The income umbrella (AP photo/Charles Dharapak)

A friend drove poorly and got caught.

She (many details changed to protect privacy) vroomed up to a traffic light and made a quick right-hand turn. The turn was legal. The fact that the friend made the turn without coming to a full and complete stop was … a problem.

A mean, rotten camera installed by a vicious, evil, blood-sucking traffic camera company had the gall to photograph my friend’s driving. The authorities sent my friend a ticket. The authorities were not using the machine evidence to impose “points” on my friend’s driving record. They just wanted her to send in cash.

My friend got mad at the automated driver cash milking machine system. She decided to go to court to fight the machine.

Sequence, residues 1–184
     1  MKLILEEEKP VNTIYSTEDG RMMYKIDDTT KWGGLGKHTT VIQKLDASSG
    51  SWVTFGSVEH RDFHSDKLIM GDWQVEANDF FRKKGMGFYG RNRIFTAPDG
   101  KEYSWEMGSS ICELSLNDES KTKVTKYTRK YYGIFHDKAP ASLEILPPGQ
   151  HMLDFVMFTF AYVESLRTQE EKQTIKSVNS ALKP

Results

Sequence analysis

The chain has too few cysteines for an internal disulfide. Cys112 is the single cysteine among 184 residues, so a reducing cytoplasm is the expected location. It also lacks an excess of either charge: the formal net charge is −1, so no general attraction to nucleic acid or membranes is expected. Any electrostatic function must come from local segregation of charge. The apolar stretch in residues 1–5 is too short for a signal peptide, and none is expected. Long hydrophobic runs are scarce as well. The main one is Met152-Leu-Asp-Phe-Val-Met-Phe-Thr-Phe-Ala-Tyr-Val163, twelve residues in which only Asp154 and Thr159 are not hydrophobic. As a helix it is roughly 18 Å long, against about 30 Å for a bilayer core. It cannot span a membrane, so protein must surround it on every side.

The machine won.

My friend went to court and had no luck whatsoever with fighting the ticket. But she did learn something about her fellow drivers.

Most freely admitted their guilt.

They were in court not to contest the ticket, but to ask the judge for permission to pay the $95 fine in installments.

In other words: Typical New Jersey drivers — people who have jobs and enough money to fuel and drive cars — are so strapped for cash that many have trouble scraping up $95 in spare cash.

The Life and Health Insurance Foundation for Education (LIFE) is trying to raise awareness for disability insurance this month as it uses its realLIFEstories campaign to drum up publicity for life insurance.

LIFE, and other organizations that promote the need for income protection products, often talk about the need to “insure your paycheck.” They try to spread the message that many Americans desperately need income protection because they have little savings and tend to live paycheck to paycheck.

For me, learning that so many drivers struggle to come up with $95 to pay a traffic fine put an exclamation point on that message.

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